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Researchers Create Color-Tunable Photonic Fibers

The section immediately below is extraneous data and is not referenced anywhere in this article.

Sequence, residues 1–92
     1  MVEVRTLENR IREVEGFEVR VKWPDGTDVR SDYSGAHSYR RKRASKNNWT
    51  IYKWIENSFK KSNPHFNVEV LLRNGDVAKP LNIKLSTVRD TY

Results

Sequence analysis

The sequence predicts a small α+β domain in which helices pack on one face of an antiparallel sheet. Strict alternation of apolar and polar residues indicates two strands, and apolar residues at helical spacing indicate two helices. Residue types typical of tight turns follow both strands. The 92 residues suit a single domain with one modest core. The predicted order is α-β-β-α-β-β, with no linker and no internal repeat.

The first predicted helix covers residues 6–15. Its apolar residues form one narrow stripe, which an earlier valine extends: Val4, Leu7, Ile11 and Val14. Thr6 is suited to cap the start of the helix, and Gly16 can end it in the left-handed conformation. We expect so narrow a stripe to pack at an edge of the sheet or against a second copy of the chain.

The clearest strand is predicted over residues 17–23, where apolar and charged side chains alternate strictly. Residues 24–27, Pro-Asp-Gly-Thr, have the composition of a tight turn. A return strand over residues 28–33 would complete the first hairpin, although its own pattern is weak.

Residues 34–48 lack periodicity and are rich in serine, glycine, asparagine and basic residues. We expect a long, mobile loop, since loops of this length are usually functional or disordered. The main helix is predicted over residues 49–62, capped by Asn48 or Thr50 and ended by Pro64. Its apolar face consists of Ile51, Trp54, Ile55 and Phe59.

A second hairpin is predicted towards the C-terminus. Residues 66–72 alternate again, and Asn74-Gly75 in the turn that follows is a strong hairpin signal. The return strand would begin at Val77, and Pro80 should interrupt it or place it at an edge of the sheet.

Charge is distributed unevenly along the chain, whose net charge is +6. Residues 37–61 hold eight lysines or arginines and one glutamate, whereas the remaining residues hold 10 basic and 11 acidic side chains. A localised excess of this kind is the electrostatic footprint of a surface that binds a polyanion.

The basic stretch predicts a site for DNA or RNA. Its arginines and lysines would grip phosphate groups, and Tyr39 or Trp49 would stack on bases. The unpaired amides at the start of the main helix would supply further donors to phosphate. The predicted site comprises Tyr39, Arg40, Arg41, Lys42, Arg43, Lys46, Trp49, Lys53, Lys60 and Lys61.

Scientists from Harvard University and the University of Exeter—with contributions from Ludwig Maximilians University and University of Cambridge researchers—have developed a biologically inspired photonic fiber that changes color as it is stretched. The fiber consists of multiple polymer layers placed around a glass core, which is later etched away. The layers’ thickness, which changes with stretching, determines the fiber’s color. The researchers based their approach on the Margaritaria nobilis (or bastard hogberry) plant, known for its iridescent blue color caused by its complex surface structure. The researchers used a rolling technique to make the fibers. They say this will make large-scale manufacturing practical. The technology may initially be used to create smart fabrics for use in sporting applications, such as fabrics that would change color in response to muscle tension in the athlete wearing the garment. It would also be used to sense when an object is being strained as a result of heat. (EurekAlert)(Harvard University)

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